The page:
One of my favorite ironies in the world of intellectual property involves the deadly magic of the word "invention." By simply using that word in describing the invention in a patent, you may cast a spell that sucks the life out of your intellectual property and destroys the value of your invention. How can such self-referential doom be possible? This is only possible thanks to the deep magic of certain highly-trained wizards dressed in the dark robes of judges, who have developed dark techniques for taking various statements about the "invention" to teleport new, unintended limitations into patent claims, making their scope smaller and smaller until they practically vanish into thin air.
Ronald Slusky in the Feb. 2010 issue of Intellectual Property Today has a good article, "Writing the Detailed Description, Part II," in which he discusses some of the problems in using the word "invention." It's not that the word itself is poison or a deadly potion, but statements about the "invention," if not carefully accompanied with detoxifying qualifiers, can be used to override the language of the claims and add poisonous, unintended limitations. For example, if you say, "Figure 1 depicts the invention," then there is a risk that details shown in the figure that may be completely optional or peripheral to the "real" invention may be assumed to be an integral part when a judge interprets your claims. If an accused infringer doesn't have those peripheral features, he may escape even if he appears to literally infringe the "plain meaning" of your claims.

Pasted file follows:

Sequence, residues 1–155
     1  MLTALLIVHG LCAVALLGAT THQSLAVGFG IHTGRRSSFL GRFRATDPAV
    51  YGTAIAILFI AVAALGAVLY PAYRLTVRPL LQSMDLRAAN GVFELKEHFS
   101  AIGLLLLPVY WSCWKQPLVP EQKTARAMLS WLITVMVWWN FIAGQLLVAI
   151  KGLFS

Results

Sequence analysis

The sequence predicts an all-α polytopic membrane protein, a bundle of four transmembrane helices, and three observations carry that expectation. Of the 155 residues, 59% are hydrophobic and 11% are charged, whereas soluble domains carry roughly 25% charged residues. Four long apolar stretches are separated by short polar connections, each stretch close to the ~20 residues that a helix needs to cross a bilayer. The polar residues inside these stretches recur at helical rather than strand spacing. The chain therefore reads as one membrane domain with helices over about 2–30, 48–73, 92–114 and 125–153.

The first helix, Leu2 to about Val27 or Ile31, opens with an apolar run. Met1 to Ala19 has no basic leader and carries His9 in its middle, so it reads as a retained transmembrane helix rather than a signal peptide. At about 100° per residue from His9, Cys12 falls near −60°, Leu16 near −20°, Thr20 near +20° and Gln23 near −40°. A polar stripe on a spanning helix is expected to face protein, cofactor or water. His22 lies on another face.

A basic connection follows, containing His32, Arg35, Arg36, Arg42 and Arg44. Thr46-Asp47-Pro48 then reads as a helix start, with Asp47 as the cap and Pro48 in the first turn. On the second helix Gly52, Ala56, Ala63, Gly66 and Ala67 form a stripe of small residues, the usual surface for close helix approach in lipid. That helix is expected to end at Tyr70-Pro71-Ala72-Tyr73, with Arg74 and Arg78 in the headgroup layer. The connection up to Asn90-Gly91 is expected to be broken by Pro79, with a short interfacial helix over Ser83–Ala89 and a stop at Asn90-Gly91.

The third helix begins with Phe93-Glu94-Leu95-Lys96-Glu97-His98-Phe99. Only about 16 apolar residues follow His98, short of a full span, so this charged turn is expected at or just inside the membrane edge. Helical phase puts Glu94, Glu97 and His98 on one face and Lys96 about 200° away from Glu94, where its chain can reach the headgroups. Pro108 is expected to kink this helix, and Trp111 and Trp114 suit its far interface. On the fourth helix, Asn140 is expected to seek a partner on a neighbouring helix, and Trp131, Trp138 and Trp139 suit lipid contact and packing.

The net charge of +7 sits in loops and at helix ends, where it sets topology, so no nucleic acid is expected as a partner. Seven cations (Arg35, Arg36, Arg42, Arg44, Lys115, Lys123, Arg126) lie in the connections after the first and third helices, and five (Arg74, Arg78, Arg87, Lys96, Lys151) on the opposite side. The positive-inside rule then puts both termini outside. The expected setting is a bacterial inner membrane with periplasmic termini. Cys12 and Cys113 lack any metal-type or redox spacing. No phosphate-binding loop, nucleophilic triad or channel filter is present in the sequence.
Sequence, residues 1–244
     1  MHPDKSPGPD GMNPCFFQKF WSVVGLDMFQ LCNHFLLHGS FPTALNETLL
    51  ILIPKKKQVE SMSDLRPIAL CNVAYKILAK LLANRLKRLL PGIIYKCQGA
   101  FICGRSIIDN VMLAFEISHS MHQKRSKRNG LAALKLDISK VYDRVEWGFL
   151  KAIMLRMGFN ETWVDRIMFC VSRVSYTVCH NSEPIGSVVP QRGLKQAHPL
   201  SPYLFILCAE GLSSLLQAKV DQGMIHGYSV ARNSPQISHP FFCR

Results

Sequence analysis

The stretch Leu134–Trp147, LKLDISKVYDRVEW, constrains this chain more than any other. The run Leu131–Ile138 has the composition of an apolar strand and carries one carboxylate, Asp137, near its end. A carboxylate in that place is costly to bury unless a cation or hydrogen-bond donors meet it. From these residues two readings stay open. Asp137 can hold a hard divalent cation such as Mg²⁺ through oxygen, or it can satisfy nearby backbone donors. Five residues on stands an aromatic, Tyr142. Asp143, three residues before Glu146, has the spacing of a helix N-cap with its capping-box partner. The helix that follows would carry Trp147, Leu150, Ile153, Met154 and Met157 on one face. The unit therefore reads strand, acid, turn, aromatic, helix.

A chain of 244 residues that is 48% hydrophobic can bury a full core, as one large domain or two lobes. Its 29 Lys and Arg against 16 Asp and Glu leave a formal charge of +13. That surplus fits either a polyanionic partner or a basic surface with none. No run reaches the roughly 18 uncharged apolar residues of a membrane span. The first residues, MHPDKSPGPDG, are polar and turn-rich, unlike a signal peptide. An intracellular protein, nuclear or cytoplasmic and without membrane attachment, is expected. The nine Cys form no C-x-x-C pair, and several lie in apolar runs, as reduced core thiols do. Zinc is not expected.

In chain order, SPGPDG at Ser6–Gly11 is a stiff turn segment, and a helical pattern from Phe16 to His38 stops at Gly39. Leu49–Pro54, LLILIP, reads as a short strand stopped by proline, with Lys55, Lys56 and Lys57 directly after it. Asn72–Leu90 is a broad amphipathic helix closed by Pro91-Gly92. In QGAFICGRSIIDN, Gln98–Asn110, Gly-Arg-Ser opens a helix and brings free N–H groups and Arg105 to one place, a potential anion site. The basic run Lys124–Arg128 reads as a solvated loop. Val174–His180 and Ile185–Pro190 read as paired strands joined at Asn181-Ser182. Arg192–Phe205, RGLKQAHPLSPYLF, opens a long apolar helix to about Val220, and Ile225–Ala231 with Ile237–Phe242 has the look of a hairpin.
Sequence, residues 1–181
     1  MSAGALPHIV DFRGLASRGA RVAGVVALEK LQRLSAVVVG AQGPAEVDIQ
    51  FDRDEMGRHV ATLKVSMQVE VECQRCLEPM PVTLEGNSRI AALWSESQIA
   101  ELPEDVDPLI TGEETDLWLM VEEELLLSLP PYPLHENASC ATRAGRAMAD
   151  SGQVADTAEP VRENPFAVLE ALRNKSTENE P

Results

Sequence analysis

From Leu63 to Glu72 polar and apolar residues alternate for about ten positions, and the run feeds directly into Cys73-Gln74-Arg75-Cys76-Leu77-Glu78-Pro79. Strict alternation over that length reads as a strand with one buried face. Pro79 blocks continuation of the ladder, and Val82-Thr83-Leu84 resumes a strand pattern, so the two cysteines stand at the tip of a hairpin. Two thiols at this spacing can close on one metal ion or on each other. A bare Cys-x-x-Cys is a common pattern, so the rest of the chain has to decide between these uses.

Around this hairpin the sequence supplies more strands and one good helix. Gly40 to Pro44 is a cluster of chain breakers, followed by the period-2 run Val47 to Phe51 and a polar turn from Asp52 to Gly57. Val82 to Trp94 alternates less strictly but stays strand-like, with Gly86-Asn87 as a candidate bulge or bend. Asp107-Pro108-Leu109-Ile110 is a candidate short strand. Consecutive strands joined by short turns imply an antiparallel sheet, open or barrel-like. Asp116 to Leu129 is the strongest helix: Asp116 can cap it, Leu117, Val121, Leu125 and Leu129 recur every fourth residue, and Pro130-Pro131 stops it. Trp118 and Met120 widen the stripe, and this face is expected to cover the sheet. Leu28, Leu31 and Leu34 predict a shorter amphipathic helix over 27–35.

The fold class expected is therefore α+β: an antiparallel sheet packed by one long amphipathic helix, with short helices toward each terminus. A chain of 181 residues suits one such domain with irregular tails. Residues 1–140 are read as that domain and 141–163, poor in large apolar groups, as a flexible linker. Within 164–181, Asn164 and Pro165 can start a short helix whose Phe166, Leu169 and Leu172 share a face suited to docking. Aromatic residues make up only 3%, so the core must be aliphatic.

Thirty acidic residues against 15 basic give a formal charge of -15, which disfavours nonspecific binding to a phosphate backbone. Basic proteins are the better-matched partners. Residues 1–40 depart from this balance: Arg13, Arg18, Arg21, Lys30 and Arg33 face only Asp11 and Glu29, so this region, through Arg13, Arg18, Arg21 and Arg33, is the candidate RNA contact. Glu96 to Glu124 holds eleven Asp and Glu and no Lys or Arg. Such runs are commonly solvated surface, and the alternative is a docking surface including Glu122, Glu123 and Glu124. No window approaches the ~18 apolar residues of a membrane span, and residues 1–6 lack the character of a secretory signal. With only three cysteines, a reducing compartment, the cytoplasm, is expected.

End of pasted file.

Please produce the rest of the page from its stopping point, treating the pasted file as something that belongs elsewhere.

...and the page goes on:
You can still use the word "invention," but use it with caution, as in these examples: "In one embodiment of the invention, there may be . . ." or "Figure 1 shows a system that may be considered for use in some versions of the invention."
Some practitioners now strive to avoid using the word "invention" at all, but perhaps that is unnecessarily restrictive.
Slusky urges practitioners to understand the invention thoroughly before writing the Summary or Detailed Description to avoid making sloppy statements about what the invention is or is not, in order to ensure that the specification really does justice to the claims. For inventors, make sure you are working a patent attorney or agent patient enough to learn from you and really understand what your invention is and what its points of novelty and nonobviousness are relative to the prior art. Make sure that the way she or he wants to describe your patent adequately reflects your real invention. It's the up-front work between you and your patent practitioner that will determine the value of the writing in the patent and the ability of your future patent to provide value.
In the drafting of the patent, make sure this simple commandment is obeyed: "Know thy Invention!" And then speak its name with reverence and caution, or you may cast a spell to aid your adversary.